|Ascletis CEO Jinzi Wu|
China-based Ascletis Pharmaceuticals has notched up a first with plans for Phase III trials of danoprevir (ASC08) and ASC16 (PPI-668) to treat chronic hepatitis C in China and Taiwan. If successful, the trials could represent a milestone that could reach an estimated patient population of 30 million to 40 million, the highest worldwide.
Applications were made with the China FDA and Taiwan FDA for the candidates, with danoprevir licenses from Roche ($RHHBY) (which halted work in 2013) and ASC16 licensed from Presidio Pharmaceuticals. An Ascletis spokesman told FiercePharmaAsia that the Taiwan approval is expected within three months and that China's Center for Drug Evaluation could take as long as the first quarter of 2016.
The trials would possibly pip other efforts by companies to enter the China market with hepatitis C therapies, most notably Gilead Sciences ($GILD) which this month lost a patent application for a prodrug component of its treatment, Sovaldi (sofosbuvir), in China after the State Intellectual Property Office reportedly rejected it.
Gilead has Phase III Sovaldi trials in China as part of a multi-region study, according to Clinicaltrials.gov, which said the work is ongoing, but not recruiting participants. A separate trial to treat Chinese patients in China and Hong Kong who are interferon-ineligible or intolerant, however is recruiting patients, according to Clinicaltrials.gov.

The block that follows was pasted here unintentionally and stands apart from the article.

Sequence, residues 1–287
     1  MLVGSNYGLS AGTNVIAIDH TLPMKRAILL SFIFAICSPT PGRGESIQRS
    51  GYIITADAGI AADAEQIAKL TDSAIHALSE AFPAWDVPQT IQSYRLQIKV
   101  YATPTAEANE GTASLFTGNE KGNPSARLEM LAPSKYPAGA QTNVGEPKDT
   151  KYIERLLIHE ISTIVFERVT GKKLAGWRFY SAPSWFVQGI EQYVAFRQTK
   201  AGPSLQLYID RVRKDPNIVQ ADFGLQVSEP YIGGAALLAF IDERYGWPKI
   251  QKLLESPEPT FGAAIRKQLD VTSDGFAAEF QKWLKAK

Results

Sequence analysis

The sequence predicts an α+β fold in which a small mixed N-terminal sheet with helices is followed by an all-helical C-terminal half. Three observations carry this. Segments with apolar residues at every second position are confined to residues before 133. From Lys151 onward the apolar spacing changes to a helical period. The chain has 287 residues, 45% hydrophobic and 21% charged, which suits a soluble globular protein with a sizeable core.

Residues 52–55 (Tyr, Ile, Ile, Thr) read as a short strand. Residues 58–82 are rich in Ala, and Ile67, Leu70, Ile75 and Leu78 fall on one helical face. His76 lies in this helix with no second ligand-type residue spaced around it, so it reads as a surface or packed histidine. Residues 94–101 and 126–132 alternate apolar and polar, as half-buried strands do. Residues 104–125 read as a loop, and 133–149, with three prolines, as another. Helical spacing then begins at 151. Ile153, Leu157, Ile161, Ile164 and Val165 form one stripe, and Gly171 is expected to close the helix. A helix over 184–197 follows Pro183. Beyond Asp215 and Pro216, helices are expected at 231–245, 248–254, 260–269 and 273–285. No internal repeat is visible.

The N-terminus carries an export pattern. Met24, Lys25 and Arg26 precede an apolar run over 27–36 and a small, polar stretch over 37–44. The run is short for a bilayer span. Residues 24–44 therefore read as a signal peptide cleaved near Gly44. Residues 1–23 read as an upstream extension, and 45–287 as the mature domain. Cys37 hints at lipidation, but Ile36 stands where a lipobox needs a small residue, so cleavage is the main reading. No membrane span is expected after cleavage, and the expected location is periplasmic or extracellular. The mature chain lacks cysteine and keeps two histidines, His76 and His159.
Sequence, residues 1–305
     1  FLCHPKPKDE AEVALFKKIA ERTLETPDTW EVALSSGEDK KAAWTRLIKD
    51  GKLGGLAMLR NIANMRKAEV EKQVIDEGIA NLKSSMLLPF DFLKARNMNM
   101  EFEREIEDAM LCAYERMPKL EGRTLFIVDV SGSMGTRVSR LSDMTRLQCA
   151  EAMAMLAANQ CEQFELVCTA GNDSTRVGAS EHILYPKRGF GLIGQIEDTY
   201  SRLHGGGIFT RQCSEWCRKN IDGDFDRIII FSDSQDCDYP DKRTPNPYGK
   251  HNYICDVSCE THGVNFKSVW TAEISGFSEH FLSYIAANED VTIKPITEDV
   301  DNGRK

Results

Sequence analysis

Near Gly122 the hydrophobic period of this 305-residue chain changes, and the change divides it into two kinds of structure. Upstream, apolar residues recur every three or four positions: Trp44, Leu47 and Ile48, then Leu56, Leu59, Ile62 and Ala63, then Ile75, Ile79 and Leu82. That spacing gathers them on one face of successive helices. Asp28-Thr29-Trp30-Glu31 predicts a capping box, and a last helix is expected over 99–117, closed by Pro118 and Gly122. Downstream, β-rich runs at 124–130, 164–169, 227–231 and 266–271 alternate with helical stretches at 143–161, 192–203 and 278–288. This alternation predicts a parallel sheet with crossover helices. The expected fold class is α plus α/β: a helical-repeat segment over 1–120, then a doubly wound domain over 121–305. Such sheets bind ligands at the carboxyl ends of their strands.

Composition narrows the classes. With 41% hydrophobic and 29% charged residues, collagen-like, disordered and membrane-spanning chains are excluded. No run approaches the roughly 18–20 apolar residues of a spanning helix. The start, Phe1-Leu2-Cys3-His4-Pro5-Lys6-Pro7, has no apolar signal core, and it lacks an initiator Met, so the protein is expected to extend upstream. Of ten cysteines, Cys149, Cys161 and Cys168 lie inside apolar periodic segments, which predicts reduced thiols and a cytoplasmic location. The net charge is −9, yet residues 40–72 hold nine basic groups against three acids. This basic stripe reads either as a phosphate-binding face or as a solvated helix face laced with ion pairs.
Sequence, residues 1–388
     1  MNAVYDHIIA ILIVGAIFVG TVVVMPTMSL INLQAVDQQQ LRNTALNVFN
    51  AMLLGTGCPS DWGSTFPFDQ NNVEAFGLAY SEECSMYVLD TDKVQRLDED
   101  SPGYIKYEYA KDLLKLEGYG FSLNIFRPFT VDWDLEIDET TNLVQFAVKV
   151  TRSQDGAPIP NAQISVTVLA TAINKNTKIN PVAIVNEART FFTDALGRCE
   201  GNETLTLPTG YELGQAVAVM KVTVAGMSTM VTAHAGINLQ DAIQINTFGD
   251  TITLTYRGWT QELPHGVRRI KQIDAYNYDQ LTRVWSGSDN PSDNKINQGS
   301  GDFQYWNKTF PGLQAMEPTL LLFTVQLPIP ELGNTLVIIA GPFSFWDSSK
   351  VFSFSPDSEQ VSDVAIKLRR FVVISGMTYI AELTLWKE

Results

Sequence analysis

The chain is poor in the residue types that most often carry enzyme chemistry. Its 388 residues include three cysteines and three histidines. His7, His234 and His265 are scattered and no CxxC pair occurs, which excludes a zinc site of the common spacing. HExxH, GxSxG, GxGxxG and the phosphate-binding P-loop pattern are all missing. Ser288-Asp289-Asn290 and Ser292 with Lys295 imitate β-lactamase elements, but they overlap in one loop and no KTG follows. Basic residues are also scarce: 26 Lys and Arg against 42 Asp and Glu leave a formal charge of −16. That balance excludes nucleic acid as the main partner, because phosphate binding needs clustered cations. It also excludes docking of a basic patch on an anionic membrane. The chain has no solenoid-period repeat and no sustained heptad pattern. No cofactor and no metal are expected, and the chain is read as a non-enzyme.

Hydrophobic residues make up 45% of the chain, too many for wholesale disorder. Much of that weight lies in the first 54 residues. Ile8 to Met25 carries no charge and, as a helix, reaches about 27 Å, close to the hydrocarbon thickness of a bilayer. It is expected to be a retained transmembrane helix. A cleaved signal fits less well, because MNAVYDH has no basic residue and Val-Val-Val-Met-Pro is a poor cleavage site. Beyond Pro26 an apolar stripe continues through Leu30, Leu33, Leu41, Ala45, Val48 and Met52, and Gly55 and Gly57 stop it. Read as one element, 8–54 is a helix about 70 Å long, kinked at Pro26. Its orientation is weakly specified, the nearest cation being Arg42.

The focus in China for chronic hepatitis C is genotype 1b, experts say, with nearly two thirds of the estimated cases in that category. This week, AbbVie's ($ABBV) said data on a Viekirax and Exviera cocktail showed a 100% sustained response rate in genotype 1b patients with cirrhosis.
But Ascletis would be the first Chinese-based firm to bring a treatment through trials and, if approved, would be a clear leader in the race to bring an approved drug to the market.
ASC08 has finished Phase II trials in Taiwan in positive data for cure rates, according to Ascletis, making it possible for the China FDA to consider accepting the data and results under a 2014 agreement that has not be fully tested.
Another plus for Ascletis is that the drugs would fall under the innovative domestic category pushed by Beijing and the possibility it could be listed for reimbursement. A Chinese drug also potentially challenges an initiative by Gilead to allow 7 Indian manufacturers to make cheaper versions of Sovaldi at $300 a bottle and sell to more than 90 developing countries.
But other large emerging markets with high hepatitis C infection rates such as China, Russia, Brazil, Mexico and Ukraine are not included. It is also important to note that when Gilead lost a patent component application for Viread, the company eventually moved to allow generic versions worldwide.
Ascletis did not offer any pricing hints in its press release and the spokesman declined to comment on costs.